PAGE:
There wasn't that much coming and going. It was Shirley making spaghetti so we could eat. This went on in Beverly Glen and in Larkspur and San Francisco—wherever they lived. It was never a salon situation, and he never did any guru-type thing. It was always just Wally and Shirley and Tosh. I became a plastic artist probably because of an evening in their home when I tried to read my writing, I was writing on these twenty-five-foot rolls of shelf paper with no punctuation, which left no breathing room. I was young and had stage fright and heart palpitations and there was no place to breathe. It was a terrible experience! (Laughter)

Didn't you once trade houses with the Bermans?

I lived in Hermosa Beach, south of Los Angeles, and they lived in Beverly Glen Canyon in West Los Angeles. After his 1957 exhibition at Ferus Gallery was closed by the police for obscenity, Wallace was extremely distraught, so we traded houses so I could cover the phone calls and give the family a little peace. At that time galleries were like shoe stores to me. If you wanted high heels you went to this one, another style, you went to another. But Wallace had turned an art gallery into a temple and that convinced me that making art was what I wanted to do for the rest of my life. It was shocking when the show that I considered beautiful and spiritual was busted and called obscene and pornographic. After that, Wallace devoted himself to Semina magazine rather than exhibiting his work in galleries. We lost about ten years’ worth of what could have been beautiful shows, but we did gain this incredible magazine.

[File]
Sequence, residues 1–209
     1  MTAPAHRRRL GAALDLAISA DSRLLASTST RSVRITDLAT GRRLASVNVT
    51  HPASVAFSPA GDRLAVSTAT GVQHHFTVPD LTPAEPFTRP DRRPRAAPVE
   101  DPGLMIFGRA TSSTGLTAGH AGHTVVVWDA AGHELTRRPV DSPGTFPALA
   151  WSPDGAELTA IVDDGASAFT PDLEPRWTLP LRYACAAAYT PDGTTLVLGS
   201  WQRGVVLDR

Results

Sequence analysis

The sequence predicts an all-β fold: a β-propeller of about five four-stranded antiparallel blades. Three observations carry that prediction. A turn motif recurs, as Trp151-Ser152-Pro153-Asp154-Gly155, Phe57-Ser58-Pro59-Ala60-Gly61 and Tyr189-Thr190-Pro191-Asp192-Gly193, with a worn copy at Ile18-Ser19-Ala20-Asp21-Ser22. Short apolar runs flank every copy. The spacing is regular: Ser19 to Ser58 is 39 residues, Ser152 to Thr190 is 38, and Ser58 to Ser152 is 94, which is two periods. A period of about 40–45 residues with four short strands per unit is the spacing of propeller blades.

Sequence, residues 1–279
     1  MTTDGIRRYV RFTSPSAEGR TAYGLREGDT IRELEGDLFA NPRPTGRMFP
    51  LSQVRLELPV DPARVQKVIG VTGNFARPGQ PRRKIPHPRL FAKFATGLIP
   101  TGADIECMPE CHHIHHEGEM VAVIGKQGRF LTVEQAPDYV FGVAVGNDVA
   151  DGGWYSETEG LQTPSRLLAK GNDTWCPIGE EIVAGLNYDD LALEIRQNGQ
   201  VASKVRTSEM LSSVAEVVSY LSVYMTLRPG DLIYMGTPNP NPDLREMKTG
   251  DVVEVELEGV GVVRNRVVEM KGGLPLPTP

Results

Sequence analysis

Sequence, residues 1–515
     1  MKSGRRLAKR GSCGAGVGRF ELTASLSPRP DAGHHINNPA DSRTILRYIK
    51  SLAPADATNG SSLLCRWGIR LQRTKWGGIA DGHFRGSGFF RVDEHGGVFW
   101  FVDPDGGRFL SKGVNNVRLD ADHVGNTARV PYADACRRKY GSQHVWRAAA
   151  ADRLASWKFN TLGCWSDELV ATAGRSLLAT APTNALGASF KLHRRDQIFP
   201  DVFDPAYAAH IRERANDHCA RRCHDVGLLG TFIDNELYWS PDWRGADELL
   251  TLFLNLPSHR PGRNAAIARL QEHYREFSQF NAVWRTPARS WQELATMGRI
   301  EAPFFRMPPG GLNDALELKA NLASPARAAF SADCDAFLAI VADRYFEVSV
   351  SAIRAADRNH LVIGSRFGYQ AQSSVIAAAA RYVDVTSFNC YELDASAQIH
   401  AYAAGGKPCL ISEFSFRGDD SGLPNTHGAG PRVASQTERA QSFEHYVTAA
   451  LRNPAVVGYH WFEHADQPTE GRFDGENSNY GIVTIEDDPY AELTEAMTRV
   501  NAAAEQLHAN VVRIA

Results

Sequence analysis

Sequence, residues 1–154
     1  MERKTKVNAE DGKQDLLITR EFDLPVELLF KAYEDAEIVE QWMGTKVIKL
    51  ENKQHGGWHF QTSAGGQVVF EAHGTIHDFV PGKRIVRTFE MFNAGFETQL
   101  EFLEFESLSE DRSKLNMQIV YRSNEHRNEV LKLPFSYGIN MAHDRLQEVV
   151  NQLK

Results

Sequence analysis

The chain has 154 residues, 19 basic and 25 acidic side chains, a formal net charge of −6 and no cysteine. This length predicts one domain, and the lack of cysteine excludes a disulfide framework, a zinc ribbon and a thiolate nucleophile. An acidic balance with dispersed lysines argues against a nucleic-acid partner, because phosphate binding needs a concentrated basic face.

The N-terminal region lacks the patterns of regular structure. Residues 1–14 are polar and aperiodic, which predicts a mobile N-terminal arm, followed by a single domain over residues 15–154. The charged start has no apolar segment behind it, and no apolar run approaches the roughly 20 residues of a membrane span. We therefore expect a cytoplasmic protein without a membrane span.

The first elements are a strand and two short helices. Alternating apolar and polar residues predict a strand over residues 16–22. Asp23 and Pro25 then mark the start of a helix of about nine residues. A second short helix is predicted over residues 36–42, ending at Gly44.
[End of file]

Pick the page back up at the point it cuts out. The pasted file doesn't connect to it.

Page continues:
Did you help him assemble Semina?

I never did that. John Wieners, John Reed—different people—helped him paste, although Wallace did most of it himself. Wallace created Semina 7, the only issue that consisted only of his own work, in Larkspur (Marin County), and it ended up being my favorite. At that time we were both living in houseboats in Larkspur and our lives where totally involved with each other. He put the Seminas together, and I was his ping-pong partner and foil. I learned more about life and art playing ping-pong with Wallace Berman . . .

Like John Cage playing chess with Duchamp. . . . Was it Berman's work that was important to you or was it his way of life?